How stubborn are you?

© djedzura

© djedzura

Anyone who’s ever been around a toddler knows the meaning of the word “stubborn.” To a two-year-old, “No!” means “Try again later when mom’s not looking.”

Although we don’t generally consider stubbornness to be a desirable quality, I have to wonder if it wasn’t one reason for Elijah’s effectiveness. He just kept on praying for as long as it took to get an answer. When the son of the Sidonian widow died, Elijah didn’t pray once, dust off his hands, and say, “Well, I guess it’s not God’s will that he should be resurrected.” Instead, he prayed again. And again. Three times he stretched out over the boy and prayed (1 Kings 17:21).

But three times is nothing compared to the incident on Mount Carmel. God had already told Elijah that He was going to bring rain (1 Kings 18:1). Given the directness of His message, it would be entirely understandable if Elijah had prayed for rain once and headed for home to await God’s timing. After all, faith grasps His promises with confidence, right?

Elijah wasn’t satisfied with a passive approach. Instead he prayed, sent his servant to check for signs of rain, and then prayed again—seven times!

Why did he keep praying? Didn’t he trust God to deliver on His promise?

I consulted some Bible commentaries to see what the experts say about this. All pointed to a human need for prayer and a metaphorical understanding of this event. It wasn’t that God needed to be convinced to come through on His promise. Rather, the people who had just witnessed that amazing miracle on Carmel needed Elijah’s intercession on their behalf.

Remember, these people had been following false gods for some time. Although their idolatry was most marked during Ahab and Jezebel’s reign, they had been moving away from God since the time of Jeroboam. They needed much more than one Wow moment. They needed true revival and reformation—a change of heart. So Elijah continued to plead for his countrymen as the Spirit worked on those hardened hearts. The physical rain came only when the hard ground of their hearts had been readied to receive the spiritual rain.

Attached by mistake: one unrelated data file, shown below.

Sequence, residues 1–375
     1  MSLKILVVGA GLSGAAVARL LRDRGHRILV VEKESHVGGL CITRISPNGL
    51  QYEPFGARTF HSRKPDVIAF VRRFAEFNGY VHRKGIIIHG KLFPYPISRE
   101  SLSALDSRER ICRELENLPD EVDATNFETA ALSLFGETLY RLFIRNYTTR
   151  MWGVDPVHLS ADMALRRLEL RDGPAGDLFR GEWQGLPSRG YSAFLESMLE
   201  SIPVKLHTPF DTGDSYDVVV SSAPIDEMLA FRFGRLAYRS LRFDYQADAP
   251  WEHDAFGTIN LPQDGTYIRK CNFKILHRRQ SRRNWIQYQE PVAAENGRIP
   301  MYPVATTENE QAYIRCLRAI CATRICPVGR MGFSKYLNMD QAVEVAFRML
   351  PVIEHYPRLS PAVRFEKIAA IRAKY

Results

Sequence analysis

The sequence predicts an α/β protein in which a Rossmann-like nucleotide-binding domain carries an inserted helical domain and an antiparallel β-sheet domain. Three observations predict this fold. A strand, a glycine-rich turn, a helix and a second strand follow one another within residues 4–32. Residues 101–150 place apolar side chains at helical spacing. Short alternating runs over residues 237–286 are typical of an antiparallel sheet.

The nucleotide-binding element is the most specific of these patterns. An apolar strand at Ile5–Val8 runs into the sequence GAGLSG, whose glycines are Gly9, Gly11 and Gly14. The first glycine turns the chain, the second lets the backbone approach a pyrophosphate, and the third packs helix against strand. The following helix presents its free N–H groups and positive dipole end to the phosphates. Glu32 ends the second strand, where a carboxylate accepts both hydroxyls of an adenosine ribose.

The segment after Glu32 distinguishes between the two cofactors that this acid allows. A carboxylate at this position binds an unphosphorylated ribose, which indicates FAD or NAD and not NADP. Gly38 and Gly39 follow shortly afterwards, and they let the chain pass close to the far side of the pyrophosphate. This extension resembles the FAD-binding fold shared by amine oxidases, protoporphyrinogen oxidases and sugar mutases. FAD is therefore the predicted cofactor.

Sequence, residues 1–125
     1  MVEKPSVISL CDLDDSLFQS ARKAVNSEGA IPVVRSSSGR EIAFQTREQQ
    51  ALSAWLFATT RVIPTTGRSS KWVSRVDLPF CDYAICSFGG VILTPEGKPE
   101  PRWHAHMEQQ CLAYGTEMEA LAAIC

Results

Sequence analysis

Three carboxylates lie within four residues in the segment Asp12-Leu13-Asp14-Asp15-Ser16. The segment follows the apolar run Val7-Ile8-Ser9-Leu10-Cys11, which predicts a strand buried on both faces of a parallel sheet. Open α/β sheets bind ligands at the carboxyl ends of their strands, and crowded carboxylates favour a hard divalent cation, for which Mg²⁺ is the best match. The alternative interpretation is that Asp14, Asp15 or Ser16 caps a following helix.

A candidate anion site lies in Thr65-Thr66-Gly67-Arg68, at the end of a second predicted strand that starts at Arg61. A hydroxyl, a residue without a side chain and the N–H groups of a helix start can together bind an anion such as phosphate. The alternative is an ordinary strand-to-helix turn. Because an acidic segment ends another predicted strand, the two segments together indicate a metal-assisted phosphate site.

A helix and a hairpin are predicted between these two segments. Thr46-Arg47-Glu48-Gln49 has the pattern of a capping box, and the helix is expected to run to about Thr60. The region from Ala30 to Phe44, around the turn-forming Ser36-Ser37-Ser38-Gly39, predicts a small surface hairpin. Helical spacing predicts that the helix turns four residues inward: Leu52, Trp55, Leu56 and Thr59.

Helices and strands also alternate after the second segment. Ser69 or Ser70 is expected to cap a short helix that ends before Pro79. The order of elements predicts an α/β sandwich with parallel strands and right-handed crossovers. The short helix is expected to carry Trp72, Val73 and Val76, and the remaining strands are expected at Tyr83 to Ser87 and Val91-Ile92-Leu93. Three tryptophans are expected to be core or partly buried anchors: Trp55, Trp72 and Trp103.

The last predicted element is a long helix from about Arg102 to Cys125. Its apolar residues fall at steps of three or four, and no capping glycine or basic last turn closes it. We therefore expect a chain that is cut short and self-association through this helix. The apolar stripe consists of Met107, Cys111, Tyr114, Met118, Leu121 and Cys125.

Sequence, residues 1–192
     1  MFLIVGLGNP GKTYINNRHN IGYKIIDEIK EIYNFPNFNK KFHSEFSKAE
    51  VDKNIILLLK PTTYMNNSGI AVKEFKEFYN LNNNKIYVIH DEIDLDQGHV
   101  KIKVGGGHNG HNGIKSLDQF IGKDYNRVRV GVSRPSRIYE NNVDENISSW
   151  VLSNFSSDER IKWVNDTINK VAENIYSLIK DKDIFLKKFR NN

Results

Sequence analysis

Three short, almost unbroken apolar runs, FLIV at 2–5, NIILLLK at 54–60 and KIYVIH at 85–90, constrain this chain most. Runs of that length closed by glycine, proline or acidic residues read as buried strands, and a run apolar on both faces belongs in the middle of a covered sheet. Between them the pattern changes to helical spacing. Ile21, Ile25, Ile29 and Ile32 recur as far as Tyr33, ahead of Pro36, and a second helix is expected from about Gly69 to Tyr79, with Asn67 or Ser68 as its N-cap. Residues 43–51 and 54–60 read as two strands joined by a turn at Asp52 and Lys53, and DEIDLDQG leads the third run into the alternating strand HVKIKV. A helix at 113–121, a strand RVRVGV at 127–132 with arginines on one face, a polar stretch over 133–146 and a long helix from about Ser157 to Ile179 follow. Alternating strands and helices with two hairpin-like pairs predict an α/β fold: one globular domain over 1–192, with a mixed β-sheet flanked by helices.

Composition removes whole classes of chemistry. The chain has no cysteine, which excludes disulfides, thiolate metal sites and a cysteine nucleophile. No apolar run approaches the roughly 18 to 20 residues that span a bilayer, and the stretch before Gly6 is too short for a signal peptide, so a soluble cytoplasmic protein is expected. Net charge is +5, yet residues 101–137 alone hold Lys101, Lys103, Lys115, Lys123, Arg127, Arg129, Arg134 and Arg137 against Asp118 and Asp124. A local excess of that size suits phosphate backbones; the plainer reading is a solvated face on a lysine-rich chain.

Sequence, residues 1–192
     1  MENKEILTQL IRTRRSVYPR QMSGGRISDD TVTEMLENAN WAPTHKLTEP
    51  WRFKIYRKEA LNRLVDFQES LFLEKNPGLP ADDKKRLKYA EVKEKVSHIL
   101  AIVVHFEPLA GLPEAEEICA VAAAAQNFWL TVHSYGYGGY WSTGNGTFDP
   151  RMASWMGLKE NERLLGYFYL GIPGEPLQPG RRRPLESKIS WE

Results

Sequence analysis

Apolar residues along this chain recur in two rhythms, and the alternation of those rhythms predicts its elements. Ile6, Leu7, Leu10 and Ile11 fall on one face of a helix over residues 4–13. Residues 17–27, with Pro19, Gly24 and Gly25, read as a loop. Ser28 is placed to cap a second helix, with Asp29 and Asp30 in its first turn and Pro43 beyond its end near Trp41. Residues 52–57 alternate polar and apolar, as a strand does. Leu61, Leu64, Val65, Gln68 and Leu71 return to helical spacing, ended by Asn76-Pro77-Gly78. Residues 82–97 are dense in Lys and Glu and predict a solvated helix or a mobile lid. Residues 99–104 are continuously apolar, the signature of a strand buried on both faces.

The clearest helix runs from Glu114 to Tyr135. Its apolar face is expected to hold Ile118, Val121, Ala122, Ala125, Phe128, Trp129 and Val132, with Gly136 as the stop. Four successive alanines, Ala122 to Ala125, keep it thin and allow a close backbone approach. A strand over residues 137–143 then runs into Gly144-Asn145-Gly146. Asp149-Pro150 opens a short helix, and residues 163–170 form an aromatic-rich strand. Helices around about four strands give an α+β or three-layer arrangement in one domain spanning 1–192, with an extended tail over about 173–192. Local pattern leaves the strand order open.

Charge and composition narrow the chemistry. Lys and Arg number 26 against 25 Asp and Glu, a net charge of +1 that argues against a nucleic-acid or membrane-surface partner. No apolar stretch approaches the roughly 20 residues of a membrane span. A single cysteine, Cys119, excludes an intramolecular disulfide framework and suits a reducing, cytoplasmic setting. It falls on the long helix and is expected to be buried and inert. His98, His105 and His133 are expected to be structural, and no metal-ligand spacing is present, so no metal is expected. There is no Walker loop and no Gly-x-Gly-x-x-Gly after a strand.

We face a similar crisis today, and we can’t afford to get apathetic about it. Satan is working harder than ever before to distract us from eternal issues—and he succeeds in waylaying many people. As a world, we’ve been drifting farther and farther from the Father. This is no time for us to shrug our shoulders and adopt and wait-and-see attitude. Like Elijah, we must pray persistently—stubbornly—for revival and reformation. And we must continue to pray—whether it takes a month or a decade.

“You too must be patient and stout-hearted, for the coming of the Lord is near”  James 5:8.

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